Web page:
Welcome back. Hope your weekend went well. Aside from some painfully stifling humidity here in the Northeast and some massive storms, it was nice to get together with some family (and to take shelter when the storms hit !)
Today, we will be completing the final installment on our series on the Home-building process, and we will be hearing from some people who have gone through the process of building their own home. This will provide some valuable insight and tips from people who have already gone through the process, from start to finish.
We spoke with a couple of homeowners who built their own home. One of the people that we spoke with and who built her own home in Washington State is K.S.Brooks, who is also an author, and we also spoke with Richard Keycon, who built his own home in East Central Alabama.
Brooks suggests getting to know all of the "local building permit requirements before you buy your parcel and start your project.", as counties usually have different requirements, and that it is important to know the Building Department Inspectors and Coordinators.
Keycon adds that once you identify the area, you need to find a land agent, and drive around to see every part of the property. They were looking for a very specific parcel, with about "20-30 acres, not many neighbors, a creek, maybe a pond or pond site, and a good building site." Once they settled on the property and purchased it, they asked their land agent and some locals to recommend a builder. Once they selected the builder, they agreed on the building fee, and moved forward from that point.
The entire process involves a lot of work, as Brooks states, and she says that you should, "Be prepared to be at the house every day either working on or managing the project." and to "take responsibility" for it. She also said to never use the response, "whatever you think is best" when the builder ask you to make choices.
Both Brooks and Keycon both agree that you need to do your research and comparison shop well in advance, since some items require lead-time for delivery, i.e appliances, counter tops, plumbing fixtures, lighting fixtures, windows, doors, etc.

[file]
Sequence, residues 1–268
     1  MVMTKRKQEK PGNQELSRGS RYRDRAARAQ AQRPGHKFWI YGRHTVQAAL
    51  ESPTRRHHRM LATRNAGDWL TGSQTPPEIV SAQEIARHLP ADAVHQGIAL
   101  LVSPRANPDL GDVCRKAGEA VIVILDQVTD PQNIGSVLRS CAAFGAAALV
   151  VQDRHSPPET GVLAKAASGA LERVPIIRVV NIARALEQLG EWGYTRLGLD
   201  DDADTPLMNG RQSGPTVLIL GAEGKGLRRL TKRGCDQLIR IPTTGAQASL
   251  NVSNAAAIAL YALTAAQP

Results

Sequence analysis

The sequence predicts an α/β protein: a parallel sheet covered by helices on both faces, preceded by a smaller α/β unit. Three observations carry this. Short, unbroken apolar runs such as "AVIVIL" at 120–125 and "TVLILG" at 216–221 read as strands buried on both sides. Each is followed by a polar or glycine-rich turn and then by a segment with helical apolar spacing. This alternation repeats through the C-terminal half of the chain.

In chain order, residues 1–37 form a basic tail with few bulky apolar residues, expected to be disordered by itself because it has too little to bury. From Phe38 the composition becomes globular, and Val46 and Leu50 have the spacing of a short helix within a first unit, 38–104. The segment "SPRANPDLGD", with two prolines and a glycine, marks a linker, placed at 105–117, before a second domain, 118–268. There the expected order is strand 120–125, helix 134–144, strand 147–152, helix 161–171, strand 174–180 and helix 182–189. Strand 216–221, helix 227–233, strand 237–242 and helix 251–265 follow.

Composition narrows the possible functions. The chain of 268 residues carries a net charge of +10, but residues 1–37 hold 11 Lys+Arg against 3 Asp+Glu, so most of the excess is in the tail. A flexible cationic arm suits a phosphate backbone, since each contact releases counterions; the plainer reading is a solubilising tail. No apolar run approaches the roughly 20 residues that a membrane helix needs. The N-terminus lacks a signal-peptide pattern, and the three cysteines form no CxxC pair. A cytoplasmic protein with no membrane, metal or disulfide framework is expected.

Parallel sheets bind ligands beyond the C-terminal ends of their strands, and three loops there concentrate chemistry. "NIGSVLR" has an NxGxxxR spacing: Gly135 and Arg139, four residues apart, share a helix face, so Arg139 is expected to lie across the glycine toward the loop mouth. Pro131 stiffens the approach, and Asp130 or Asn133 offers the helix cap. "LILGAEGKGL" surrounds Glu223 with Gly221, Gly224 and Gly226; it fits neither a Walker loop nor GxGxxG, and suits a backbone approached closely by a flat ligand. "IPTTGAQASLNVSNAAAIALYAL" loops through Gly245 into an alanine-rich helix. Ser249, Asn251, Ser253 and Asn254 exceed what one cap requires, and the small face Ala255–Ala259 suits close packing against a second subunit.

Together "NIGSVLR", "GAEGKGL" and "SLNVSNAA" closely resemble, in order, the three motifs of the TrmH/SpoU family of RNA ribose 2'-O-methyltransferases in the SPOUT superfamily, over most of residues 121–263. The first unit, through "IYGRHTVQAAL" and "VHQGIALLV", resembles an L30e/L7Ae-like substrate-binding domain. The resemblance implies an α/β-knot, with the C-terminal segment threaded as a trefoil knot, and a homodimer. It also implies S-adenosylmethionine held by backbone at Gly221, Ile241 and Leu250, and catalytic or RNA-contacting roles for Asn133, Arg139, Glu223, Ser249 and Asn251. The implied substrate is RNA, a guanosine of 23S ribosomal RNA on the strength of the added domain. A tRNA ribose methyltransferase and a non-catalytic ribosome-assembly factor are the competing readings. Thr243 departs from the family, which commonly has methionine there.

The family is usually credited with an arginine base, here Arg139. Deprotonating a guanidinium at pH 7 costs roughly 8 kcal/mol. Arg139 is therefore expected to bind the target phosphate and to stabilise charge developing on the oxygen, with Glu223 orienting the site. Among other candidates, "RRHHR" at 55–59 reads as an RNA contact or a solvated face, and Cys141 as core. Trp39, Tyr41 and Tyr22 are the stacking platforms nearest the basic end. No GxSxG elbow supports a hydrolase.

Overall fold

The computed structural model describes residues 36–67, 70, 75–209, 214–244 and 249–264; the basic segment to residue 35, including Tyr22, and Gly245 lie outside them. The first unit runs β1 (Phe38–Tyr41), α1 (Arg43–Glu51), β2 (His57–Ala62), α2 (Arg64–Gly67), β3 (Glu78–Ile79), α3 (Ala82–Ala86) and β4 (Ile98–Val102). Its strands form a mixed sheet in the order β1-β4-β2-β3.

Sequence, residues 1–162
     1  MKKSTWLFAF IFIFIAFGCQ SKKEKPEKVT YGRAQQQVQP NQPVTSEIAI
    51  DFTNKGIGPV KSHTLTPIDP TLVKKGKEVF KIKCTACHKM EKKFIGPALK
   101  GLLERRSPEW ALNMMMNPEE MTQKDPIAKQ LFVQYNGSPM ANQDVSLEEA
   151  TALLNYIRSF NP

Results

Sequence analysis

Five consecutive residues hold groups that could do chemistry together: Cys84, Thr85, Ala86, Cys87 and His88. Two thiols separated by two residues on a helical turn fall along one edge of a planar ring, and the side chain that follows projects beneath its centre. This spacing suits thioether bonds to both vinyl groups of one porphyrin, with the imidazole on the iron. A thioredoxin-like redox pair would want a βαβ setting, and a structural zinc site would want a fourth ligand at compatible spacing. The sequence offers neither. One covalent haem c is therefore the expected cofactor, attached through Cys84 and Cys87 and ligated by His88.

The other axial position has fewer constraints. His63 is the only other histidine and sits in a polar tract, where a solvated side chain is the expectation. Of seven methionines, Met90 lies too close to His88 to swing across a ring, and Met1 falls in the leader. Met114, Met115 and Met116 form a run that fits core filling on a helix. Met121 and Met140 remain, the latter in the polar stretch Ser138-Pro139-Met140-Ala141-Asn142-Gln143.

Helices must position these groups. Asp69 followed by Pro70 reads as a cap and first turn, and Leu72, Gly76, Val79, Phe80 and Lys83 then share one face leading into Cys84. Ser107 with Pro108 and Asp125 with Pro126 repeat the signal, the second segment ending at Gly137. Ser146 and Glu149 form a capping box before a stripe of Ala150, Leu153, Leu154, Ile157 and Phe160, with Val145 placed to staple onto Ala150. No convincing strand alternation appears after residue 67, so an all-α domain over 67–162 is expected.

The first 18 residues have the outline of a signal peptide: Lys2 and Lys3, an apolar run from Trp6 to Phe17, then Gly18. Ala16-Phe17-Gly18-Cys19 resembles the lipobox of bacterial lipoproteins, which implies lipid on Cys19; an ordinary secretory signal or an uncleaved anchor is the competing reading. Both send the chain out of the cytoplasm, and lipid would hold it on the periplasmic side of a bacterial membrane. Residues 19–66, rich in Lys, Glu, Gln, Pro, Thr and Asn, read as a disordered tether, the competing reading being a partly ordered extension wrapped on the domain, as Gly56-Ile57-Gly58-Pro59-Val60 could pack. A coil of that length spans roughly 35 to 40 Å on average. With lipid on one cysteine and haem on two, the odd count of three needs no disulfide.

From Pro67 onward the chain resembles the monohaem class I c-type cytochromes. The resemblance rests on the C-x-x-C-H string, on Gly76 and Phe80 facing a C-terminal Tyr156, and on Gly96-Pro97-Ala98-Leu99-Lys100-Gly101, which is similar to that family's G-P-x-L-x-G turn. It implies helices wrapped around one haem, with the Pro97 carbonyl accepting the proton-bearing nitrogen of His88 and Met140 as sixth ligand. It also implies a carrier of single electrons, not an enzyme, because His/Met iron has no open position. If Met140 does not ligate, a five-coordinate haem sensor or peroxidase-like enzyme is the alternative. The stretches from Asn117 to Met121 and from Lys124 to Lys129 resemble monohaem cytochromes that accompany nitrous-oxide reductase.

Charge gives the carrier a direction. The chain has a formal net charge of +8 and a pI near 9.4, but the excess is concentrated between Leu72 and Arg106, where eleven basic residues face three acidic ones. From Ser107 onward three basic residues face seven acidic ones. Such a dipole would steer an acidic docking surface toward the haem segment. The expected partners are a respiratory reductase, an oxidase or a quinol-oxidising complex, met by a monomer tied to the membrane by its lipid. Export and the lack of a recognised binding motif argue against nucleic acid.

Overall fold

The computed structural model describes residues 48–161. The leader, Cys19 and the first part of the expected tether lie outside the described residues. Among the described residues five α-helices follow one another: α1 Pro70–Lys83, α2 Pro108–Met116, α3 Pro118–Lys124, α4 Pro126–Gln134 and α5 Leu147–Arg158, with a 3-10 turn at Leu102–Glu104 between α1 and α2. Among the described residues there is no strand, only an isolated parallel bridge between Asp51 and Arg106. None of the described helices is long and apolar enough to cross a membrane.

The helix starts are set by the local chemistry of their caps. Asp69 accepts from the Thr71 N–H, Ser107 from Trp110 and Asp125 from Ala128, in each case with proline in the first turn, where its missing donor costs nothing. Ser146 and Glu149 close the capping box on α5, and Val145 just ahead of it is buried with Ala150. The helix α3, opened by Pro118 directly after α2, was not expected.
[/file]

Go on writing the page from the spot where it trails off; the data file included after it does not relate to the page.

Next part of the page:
As far as environmental impact, Brooks summarizes it as, "Lean towards green, but don't be over-zealous.", and gives us this specific example, "We explored installing a Geo-thermal heating/cooling system for our SIP (structural insulated panel) home. Because SIPs are air tight and incredibly efficient, and with the low cost of hydro-powered electricity in Eastern Washington, it would have taken us 20 years to reap a return-on-investment for Geo-thermal. Instead, we went with a high-efficiency wood burning fireplace, with standard HVAC as a back-up. The result: our 1700 square foot 100% electrically-run house is generating electric bills under $60 per month."
In closing, Brooks states that it is vital to make lists for everything (parcel, vendors, materials, etc.), and Keycon agrees and says that planning is key and that when searching for a builder, to remember that, "All builders are not created equal".
We definitely hope that this series has been helpful to you in one or many ways. Remember that there are many builders who build homes and will then Rent them with an Option to Buy (Rent to Own Homes), so it requires a little bit of homework on your end to find these builders.
If you have any question, we area always available to respond to them. We will be back to our regular Blog posts on Wednesday, since we have a lot of interesting information and topics to cover.
Have a Great Week, and Happy Rent-to-Owning !